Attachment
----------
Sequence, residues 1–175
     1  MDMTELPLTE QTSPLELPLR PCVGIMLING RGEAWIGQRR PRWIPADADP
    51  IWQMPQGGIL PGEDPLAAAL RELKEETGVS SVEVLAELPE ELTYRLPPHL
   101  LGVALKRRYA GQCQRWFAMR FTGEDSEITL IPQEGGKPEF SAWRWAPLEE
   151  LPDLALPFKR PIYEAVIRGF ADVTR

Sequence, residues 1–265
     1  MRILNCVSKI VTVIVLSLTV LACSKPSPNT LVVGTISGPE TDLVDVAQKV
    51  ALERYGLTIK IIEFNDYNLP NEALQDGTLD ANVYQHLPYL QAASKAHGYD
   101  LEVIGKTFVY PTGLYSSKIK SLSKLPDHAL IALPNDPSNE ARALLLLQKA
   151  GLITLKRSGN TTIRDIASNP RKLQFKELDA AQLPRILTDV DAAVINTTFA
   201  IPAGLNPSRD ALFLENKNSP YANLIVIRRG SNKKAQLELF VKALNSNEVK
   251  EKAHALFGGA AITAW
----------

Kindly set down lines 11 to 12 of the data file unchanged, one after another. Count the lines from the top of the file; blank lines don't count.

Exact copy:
   201  IPAGLNPSRD ALFLENKNSP YANLIVIRRG SNKKAQLELF VKALNSNEVK
   251  EKAHALFGGA AITAW